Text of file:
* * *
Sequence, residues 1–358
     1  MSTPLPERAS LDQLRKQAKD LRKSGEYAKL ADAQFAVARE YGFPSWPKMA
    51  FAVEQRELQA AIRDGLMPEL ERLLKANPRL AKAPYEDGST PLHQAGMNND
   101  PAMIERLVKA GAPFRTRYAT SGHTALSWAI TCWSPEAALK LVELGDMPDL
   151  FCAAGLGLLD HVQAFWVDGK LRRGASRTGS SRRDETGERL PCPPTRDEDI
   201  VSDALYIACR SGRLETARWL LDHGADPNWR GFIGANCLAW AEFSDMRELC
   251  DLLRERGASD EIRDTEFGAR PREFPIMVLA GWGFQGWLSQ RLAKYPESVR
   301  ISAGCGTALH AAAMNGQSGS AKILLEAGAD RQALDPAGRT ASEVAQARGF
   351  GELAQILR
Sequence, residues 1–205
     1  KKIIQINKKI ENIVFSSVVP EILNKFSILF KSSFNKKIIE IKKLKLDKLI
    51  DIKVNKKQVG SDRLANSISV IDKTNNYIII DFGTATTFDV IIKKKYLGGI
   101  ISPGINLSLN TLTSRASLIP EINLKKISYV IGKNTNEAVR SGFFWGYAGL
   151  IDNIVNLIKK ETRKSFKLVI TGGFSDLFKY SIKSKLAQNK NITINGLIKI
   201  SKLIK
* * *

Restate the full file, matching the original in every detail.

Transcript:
Sequence, residues 1–358
     1  MSTPLPERAS LDQLRKQAKD LRKSGEYAKL ADAQFAVARE YGFPSWPKMA
    51  FAVEQRELQA AIRDGLMPEL ERLLKANPRL AKAPYEDGST PLHQAGMNND
   101  PAMIERLVKA GAPFRTRYAT SGHTALSWAI TCWSPEAALK LVELGDMPDL
   151  FCAAGLGLLD HVQAFWVDGK LRRGASRTGS SRRDETGERL PCPPTRDEDI
   201  VSDALYIACR SGRLETARWL LDHGADPNWR GFIGANCLAW AEFSDMRELC
   251  DLLRERGASD EIRDTEFGAR PREFPIMVLA GWGFQGWLSQ RLAKYPESVR
   301  ISAGCGTALH AAAMNGQSGS AKILLEAGAD RQALDPAGRT ASEVAQARGF
   351  GELAQILR
Sequence, residues 1–205
     1  KKIIQINKKI ENIVFSSVVP EILNKFSILF KSSFNKKIIE IKKLKLDKLI
    51  DIKVNKKQVG SDRLANSISV IDKTNNYIII DFGTATTFDV IIKKKYLGGI
   101  ISPGINLSLN TLTSRASLIP EINLKKISYV IGKNTNEAVR SGFFWGYAGL
   151  IDNIVNLIKK ETRKSFKLVI TGGFSDLFKY SIKSKLAQNK NITINGLIKI
   201  SKLIK